Harry Truman Saved My Life

001 MILITARY copySeventy years ago today, my father was on Okinawa, getting ready to be among the first allied fighting men in the invasion of Japan. Unbeknownst to him and the men who prepared with him, was the fact that Harry Truman had decided to use a new super weapon in the United States arsenal to bring Japan to total capitulation. As the day closed on August 9, 1945, my father, Sgt. Robert L. Beal, had absolutely no idea that in two daring bombing runs … Japan, in a matter of seconds, had lost over a quarter of a million people. Almost twice as many people were gone in a blink of an eye, than what the U.S. casualties were in Okinawa.

Robert was concentrating on his duties at hand of preparing for a beach landing in hostile territory. He tried to keep his mind off his fast approaching mission. He finished a couple letters and started another. Made sure his M1-Garand was cleaned and ready, made sure his men had checked and double-checked all of their equipment, trying not to think about what lay ahead. Everyone knew that Japan was not going to go down easily. Since taking the Philippines, the U.S. had been pounding Japan with B-17s and B-29s; the fire storms from those bombing runs had nearly wiped out whole cities, but still Japan fought on. Commanders had not held back when asked; they let the men know that this fight was going to be the toughest yet.

Robert was sergeant of a weapons platoon in the 187th Glider infantry of the 11th Airborne Division, the only U.S. airborne in the Pacific. Even though Robert was a glider soldier, he and everyone else in the 11th were parachute-jump qualified; a requirement the commanding officer of the division, General Joseph M. Swing, made on day one. General Swing wanted all of his men – including himself – to be ready to fulfill any role needed. Because of the nature of the invasion, paratroopers and gliders would be impossible to use because they would either be slaughtered on their way down, or run the great risk of getting cut off once down and not effective as a fighting force. So a landing from the sea, with naval bombardment and air support, was the only option.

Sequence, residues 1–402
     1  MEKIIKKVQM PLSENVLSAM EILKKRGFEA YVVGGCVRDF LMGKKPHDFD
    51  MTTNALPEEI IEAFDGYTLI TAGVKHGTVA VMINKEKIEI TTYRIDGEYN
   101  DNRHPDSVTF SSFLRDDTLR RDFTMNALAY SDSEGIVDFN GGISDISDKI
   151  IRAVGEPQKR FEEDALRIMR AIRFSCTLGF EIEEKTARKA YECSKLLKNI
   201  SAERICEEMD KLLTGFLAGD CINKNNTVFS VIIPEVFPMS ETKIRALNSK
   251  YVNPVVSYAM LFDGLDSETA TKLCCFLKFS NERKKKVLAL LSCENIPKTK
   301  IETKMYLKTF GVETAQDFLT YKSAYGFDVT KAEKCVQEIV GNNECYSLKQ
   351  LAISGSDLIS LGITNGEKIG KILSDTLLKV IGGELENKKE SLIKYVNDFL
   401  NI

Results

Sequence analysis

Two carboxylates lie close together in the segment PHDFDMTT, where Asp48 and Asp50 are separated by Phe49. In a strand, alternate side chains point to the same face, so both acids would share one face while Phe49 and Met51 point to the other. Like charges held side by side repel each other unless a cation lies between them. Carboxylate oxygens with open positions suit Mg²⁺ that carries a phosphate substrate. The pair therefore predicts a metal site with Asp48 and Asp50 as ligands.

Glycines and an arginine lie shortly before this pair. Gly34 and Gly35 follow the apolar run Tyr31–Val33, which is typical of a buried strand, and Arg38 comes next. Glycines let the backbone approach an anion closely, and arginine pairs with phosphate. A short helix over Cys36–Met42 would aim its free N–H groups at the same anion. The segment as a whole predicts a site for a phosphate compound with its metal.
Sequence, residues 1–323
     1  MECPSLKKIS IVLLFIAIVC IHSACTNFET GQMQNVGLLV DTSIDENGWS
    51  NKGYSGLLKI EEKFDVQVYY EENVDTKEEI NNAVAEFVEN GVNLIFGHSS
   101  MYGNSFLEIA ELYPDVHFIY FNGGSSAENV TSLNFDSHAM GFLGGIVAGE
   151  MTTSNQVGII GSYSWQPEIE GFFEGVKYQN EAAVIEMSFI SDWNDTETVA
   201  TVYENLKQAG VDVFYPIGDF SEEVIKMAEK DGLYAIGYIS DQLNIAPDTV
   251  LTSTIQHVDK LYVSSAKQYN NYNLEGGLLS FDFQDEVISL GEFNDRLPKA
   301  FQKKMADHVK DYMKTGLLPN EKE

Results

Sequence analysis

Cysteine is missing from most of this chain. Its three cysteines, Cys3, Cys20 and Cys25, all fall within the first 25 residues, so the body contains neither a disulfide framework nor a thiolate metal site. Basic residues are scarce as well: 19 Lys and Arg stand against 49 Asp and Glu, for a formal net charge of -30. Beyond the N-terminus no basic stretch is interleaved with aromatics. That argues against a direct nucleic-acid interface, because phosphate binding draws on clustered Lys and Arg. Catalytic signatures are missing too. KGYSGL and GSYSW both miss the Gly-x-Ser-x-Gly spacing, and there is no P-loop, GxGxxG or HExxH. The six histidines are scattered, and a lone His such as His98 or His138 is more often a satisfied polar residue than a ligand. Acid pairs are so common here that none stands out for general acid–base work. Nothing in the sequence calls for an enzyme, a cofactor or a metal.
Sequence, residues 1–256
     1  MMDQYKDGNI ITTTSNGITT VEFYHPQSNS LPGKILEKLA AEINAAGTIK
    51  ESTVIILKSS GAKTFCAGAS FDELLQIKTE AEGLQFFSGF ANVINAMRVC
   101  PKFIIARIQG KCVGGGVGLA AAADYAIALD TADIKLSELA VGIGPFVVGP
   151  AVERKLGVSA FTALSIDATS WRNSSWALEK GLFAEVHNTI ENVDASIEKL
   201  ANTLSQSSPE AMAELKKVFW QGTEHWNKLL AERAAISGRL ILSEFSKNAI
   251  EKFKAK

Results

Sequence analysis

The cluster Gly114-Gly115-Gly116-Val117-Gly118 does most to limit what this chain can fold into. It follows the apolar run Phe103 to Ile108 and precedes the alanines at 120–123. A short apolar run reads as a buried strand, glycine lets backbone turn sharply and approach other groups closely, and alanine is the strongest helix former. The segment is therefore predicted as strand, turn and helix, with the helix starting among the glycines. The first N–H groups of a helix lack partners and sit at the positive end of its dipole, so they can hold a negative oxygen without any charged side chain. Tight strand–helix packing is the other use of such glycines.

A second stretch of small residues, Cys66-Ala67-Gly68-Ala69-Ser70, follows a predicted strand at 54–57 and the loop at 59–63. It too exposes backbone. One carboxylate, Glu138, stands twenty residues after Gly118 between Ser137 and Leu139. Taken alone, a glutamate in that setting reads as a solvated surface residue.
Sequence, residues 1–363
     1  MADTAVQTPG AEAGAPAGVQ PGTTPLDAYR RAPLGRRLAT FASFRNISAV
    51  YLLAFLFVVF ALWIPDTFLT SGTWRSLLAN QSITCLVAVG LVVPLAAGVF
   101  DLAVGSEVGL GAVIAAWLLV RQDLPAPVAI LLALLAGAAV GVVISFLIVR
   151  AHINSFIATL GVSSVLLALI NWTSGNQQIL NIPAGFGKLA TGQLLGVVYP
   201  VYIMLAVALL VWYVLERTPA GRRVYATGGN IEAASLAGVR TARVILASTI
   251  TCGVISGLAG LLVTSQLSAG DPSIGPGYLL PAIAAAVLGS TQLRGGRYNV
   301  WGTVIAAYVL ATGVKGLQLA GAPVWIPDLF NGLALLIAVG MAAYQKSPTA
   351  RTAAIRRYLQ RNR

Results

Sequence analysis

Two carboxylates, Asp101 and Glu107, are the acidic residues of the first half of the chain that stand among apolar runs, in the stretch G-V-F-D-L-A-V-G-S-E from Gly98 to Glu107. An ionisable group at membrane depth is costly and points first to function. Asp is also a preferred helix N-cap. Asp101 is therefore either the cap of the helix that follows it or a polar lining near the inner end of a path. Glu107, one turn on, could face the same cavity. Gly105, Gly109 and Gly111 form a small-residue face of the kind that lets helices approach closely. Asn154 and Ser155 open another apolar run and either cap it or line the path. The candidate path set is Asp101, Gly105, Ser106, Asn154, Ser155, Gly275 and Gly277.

The Japanese were ready to fiercely defend their homeland. Every man, women, and child would be called upon to fight. Weapons would be homemade clubs, staffs, shovels and axes, anything that could kill. The military leaders were not ready to surrender, and at his own peril, the emperor Hirohito reluctantly listened to his military advisers. They had been the ones in power. Hideki Tojo convinced the emperor that negotiations with the U.S. in 1940-41 were dangerous, and a military solution was the only option.

President Truman, of course, had been trying to find a way to get Japan to surrender without any more lives being lost, especially American. He thought after the taking of the Philippines and the advances of the British in China, that Japan could see there was no point in continuing. But Japan’s military leaders would not give up. They were content to stay where they were, and keep the allies off the main land of Japan. Truman would only accept total surrender and nothing else. After considering all options, looking at the invasion plans, and being faced with the possibility of losing one million Americans, he opted to use the atomic bomb.

For Tojo, total concern for the Japanese people was gone, and fighting to the death was the only honorable way to go on. But now in this pending invasion, it was no longer soldier against soldier … American fighting men, many in their teens and twenties, were going to be forced to kill face to face; old men, young boys, girls and women. I cannot imagine the horror going through my father’s mind, thinking that he may be forced to kill innocent lives face to face.

Of course this war killed innocent people, on both sides. It seems that is the way of war. My father was scarred for the rest of his life from what he did and what he saw. Friends lost right in front of him, people ripped and torn by man’s destructive devices. I do not know if he could have come home and lived with himself if he would have been forced to fight and kill civilians. I thank God he didn’t have to.

I have to say that had it not been for the decision that Truman took to use those two bombs … there is an almost certain chance that my brothers and I would not be here today. My father felt that Harry Truman saved his life with his fateful decision to choose American fighting men’s lives above all else. The days from August 6, 1945 to August 9, 1945 will forever be debated. The sad part is they will be debated by people who were not there, and have their view skewed by the looking glass of history. But my mother, my brothers and I, and our families, are all grateful that Harry Truman stood up and said “NO MORE.” Truman saved far more lives than were lost in those two attacks, and the rightful blame falls on the leaders of Japan, and their unwillingness to admit defeat and bend to the will of the world.

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